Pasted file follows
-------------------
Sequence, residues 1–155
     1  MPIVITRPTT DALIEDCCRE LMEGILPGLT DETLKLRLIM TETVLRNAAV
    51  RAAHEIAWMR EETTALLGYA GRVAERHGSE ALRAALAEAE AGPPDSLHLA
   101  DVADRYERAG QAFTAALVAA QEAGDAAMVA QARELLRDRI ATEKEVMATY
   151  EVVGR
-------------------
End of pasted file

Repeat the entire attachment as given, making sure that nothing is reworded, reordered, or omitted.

Sequence, residues 1–155
     1  MPIVITRPTT DALIEDCCRE LMEGILPGLT DETLKLRLIM TETVLRNAAV
    51  RAAHEIAWMR EETTALLGYA GRVAERHGSE ALRAALAEAE AGPPDSLHLA
   101  DVADRYERAG QAFTAALVAA QEAGDAAMVA QARELLRDRI ATEKEVMATY
   151  EVVGR